Rendezvous With Rama

Monday, September 9, 2013


Rendezvous With Rama
Arthur C. Clarke, 1973

Hugo Winner - 1974

Premise: First it looked like a spark. Then a comet with an odd trajectory. Once observers realized what the object was, it was almost too late to divert the ship Endeavour to take a closer look. The crew of the Endeavour are in for a truly unique experience.

This was delightful. It's one of the ‘hardest’ SF tales to come up in the ranks of the Hugos so far, but Clarke does a brilliant job surrounding the scientific theorizing with human characters and human concerns.

I don't think it's much of a spoiler to say that the object designated Rama is a spaceship: source, destination and purpose unknown. The crew have to figure out how to explore the alien structure thoroughly and quickly, because they are unable to alter its course and they must break away by a certain deadline. The captain also has to balance the reality before his eyes against the sometimes-contradictory orders coming from Earth.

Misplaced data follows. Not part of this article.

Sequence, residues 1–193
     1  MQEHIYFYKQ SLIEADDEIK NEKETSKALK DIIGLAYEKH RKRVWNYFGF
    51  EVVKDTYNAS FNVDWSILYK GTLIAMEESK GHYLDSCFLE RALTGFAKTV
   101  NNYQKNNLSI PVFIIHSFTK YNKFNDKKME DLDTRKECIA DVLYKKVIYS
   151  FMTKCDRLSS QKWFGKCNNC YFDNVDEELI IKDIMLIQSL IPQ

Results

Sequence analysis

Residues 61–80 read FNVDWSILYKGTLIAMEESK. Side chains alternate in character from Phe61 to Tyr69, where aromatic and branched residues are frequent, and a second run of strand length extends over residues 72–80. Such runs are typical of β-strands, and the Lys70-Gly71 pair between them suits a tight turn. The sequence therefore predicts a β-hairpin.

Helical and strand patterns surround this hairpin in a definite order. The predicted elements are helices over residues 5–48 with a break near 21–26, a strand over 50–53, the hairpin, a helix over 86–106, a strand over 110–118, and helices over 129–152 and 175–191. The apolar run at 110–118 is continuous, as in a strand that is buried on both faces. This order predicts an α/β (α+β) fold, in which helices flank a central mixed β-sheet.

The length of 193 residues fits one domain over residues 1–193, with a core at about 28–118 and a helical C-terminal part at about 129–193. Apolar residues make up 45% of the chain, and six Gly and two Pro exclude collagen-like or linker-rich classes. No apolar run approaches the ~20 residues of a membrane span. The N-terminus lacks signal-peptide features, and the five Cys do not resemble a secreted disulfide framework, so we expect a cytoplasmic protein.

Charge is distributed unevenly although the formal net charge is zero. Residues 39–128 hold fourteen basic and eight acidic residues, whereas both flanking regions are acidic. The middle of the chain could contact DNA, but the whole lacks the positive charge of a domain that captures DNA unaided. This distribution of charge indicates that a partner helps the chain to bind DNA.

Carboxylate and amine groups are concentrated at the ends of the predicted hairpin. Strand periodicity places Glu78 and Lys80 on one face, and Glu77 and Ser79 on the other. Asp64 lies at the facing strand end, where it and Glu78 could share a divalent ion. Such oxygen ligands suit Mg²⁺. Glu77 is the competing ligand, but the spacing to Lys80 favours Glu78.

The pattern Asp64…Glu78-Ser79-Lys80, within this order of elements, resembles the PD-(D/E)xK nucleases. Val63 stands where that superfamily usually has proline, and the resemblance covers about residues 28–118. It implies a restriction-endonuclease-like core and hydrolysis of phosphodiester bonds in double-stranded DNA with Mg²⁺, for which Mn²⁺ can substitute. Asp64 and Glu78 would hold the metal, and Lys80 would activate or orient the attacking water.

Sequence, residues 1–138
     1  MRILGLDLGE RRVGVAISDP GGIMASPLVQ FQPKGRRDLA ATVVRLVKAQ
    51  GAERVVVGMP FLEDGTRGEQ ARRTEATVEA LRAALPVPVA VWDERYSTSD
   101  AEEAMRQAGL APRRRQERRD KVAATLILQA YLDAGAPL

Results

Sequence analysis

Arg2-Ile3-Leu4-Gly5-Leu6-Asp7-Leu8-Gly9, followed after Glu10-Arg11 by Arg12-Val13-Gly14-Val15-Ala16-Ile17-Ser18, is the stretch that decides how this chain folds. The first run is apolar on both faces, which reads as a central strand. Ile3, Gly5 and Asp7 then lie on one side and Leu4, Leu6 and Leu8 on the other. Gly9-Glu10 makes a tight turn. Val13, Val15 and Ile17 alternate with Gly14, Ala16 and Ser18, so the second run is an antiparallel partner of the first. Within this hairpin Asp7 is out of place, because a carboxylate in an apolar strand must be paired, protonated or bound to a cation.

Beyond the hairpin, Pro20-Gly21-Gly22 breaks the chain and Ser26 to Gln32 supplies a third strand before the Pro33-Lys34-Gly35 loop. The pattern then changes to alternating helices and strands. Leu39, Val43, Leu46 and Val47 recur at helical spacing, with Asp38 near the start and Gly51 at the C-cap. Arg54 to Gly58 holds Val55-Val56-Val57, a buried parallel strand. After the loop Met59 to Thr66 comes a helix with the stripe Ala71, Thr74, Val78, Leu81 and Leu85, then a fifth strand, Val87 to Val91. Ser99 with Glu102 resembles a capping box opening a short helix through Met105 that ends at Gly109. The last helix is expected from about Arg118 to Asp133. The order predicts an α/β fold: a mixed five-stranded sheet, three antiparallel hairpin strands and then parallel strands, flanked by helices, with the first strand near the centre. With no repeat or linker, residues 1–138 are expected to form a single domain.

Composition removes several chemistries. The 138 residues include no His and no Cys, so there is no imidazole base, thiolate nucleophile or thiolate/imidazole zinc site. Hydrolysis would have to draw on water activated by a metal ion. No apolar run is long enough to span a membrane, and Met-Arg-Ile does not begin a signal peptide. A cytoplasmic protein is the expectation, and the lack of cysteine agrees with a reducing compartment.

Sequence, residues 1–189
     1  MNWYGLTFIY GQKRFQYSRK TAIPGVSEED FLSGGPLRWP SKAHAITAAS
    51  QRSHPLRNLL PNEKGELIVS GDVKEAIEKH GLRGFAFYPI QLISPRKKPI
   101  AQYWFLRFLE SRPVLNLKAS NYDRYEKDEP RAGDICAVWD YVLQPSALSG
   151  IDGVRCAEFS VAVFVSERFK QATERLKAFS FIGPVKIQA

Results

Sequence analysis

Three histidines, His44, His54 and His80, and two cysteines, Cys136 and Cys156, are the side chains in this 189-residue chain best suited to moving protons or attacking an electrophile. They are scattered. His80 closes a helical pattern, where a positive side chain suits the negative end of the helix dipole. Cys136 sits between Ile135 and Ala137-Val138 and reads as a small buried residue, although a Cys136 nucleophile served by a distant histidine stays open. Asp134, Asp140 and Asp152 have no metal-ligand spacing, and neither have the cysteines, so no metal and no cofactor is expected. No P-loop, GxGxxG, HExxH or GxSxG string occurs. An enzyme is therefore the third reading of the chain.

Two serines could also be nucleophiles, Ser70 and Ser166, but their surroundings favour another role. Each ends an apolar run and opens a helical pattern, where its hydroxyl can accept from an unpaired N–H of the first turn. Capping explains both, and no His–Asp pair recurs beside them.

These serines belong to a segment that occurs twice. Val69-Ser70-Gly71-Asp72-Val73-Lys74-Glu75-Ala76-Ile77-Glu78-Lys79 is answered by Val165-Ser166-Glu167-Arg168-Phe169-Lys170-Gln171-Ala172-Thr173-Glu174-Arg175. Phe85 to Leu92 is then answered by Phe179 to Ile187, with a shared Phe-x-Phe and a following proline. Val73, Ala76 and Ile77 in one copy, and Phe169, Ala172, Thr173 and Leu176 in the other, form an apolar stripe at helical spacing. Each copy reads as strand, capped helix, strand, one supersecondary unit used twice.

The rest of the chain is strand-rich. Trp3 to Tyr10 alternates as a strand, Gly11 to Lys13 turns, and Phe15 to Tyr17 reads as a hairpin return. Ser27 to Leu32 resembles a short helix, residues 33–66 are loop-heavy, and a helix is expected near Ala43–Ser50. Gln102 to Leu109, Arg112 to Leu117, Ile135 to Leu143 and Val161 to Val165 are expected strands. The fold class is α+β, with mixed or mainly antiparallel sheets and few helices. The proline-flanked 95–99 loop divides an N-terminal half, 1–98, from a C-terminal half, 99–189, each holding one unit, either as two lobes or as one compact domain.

We're moving solidly into the 1970's by the time this came out, and it's neat to see all the asides about new religions and different family structures and sexualities sprinkled into the character descriptions. (I did especially enjoy the Church of Jesus Christ, Cosmonaut.) I was disappointed that the genetically engineered super-apes that help out onboard ship are barely mentioned, just an interesting part of the setting.

The characters are given enough depth to make them compelling, but no more. Rama is the star, and fascinating enough to carry that distinction. Despite the fact that there is little in the way of plot, I had trouble putting this book down, and I was fully satisfied by the ending. (I have heard less-nice things about the sequels written many years later, and I don't think I'm going to seek them out.) This is a classic humanity-against-the-unknown story, and worthy of its many accolades.

5 Stars - An Awesome Book

List of Hugo Winners

1 comment:

littleredreviewer said...

it's been ages since I've read this, we must be on the same brainwave, just the other day I was thinking "I haven't read Rama in a while, I should pick it up again". I do remember really liking it, especially the scenes where they are exploring inside the ship.

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